What could / will HP do with the 3COM NBX voice product ?

by Jeff Wiener on December 9, 2009

hp_logo_2I had an interesting conversation with a fellow telecom enthusiast recently about the prospect of where HP could go with the 3COM acquisition, specifically the voice component, otherwise known as NBX.

The fact that HP is now in possession of some fairly powerful voice code suggests the possibility of their entering the voice market in direct competition with Avaya, Cisco, NEC

Although the NBX was a sales disappointment for 3COM, the fact is – the NBX had some very robust PBX / VoIP functionality. Robust functionality includes the basic subset of what you would expect from a PBX – voice mail, automated attendant, GUI system admin, and certainly the more advanced set of applications: unified messaging, TAPI, CTI, multi-site connectivity, call center, IP functionality … really a full end to end voice solution.

3com-logo-rgbHP clearly has their sites on Cisco, and the 3COM acquisition will position HP with routing, data center, and certainly 3COM’s voice portfolio.

What could HP do with the voice portfolio ?

They could of course sell the NBX code, sets, portfolio … Not sure there would be a buyer that could offer a significant value to entice HP to part with the intelligence.

They could sit on the code – do nothing.

hp_procurve_2650They could continue to run with the NBX as it stands – possible.

OR, HP could do what NBX / 3COM should have done in the first place. 3COM should have embedded the voice code into one of their switches. In HP’s case, they could embed the NBX PBX voice functionality into the HP Procurve switch. This concept could work quite well in the SMB space – stick in a 48 port switch, activate the voice license, and “voila” you have a PBX with PoE capability. HP would need to introduce a “dumb” chassis to support traditional PRI / analog trunk / analog station function.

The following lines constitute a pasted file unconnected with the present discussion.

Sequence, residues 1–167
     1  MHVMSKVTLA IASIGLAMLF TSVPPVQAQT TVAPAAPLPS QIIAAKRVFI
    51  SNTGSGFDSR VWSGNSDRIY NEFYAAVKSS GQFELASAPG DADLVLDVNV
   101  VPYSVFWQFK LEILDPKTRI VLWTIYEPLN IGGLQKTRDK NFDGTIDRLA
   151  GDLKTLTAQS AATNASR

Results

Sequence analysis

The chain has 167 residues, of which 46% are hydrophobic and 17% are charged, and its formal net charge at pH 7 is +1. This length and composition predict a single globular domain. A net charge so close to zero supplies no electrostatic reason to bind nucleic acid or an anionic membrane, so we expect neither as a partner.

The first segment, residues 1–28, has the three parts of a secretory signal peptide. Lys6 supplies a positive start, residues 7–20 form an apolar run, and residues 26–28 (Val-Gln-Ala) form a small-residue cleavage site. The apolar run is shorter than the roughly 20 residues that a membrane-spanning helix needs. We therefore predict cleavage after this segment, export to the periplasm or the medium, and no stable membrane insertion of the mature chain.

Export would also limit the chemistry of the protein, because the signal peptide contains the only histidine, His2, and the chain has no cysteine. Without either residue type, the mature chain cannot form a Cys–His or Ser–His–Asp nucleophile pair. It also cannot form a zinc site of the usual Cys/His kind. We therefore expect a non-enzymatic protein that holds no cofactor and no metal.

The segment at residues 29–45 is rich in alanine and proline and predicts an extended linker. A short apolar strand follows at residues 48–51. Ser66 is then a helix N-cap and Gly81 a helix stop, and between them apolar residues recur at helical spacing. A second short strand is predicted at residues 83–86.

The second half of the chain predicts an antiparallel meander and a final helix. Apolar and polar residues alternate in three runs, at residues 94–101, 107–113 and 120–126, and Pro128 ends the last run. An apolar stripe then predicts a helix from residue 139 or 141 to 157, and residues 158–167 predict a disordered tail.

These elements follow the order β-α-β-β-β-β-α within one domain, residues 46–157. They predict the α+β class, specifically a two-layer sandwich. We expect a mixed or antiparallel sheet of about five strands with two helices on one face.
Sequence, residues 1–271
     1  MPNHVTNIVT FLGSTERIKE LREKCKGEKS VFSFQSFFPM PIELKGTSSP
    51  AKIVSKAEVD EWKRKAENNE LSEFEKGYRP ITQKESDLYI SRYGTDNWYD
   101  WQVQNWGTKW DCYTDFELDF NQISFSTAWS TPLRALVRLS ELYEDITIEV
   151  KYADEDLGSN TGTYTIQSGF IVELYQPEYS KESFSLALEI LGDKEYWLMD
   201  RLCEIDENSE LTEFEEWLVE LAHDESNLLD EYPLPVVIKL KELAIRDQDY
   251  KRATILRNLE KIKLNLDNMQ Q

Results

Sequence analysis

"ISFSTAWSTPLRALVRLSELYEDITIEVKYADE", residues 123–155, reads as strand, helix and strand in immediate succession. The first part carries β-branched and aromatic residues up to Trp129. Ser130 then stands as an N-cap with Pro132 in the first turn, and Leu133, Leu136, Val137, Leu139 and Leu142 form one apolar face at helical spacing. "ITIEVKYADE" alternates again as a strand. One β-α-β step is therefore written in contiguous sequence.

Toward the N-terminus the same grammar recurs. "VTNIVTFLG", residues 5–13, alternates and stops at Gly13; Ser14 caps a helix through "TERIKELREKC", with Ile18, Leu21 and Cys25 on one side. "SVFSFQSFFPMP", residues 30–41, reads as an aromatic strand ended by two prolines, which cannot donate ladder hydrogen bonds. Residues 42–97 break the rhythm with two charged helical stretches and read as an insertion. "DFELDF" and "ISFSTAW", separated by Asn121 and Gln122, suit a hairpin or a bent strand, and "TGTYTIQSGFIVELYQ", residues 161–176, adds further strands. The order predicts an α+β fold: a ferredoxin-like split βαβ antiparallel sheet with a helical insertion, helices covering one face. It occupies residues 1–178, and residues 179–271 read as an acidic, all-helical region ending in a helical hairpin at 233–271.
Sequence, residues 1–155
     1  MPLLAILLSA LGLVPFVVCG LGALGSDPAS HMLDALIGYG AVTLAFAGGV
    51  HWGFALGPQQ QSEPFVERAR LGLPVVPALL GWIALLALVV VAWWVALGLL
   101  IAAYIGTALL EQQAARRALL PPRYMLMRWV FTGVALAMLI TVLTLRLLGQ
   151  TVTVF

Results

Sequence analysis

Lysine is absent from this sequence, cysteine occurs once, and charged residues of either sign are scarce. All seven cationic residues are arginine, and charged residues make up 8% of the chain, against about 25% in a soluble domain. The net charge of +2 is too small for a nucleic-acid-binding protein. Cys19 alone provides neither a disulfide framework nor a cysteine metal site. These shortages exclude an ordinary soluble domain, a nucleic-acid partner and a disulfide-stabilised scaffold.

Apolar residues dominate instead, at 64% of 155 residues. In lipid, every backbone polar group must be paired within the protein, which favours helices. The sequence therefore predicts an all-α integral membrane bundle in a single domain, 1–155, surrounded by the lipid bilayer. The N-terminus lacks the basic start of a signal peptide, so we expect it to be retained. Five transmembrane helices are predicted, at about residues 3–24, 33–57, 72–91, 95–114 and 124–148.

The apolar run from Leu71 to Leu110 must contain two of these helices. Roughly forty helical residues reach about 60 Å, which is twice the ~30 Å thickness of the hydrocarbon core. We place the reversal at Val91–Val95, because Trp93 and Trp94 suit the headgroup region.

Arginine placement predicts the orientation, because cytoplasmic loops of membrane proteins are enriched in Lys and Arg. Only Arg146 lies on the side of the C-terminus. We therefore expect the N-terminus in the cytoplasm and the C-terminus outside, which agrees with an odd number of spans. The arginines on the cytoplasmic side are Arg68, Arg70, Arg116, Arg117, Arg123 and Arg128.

96 ports, 144 ports – same concept. One image propagated across multiple switches. That concept might not scale that well though – it’s likely that an application server would be required. Multi site solution – no problem. Install an HP voice gateway (24 / 48 port switch). It becomes a survivable gateway at the remote end if the server dies.

I’m sure HP is actively working on the migration plan. It will be interesting to see where HP goes, and how the competition reacts.

Written by: Jeff Wiener. www.digitcom.ca. Follow TheTelecomBlog.com by: RSS, Twitter, Identi.ca, or Friendfeed

{ 1 comment… read it below or add one }

UCChangeAgent December 9, 2009 at 11:21 am

HP directly and through their acquisition of Compaq, who acquired Digital Equipment Corporation has a 20+ year strategic relationship with Microsoft. There was also the expanded relationship announcements back in May around Unified Communications, which includes HP to build and deliver Microsoft OCS Certified IP Phones.

I could see the role of NBX transitioning towards a Gateway device, assuming OCS becomes their voice core offer. Could also see new firmware releases for NBX phones in support of the Microsoft RTA Voice Codec etc.

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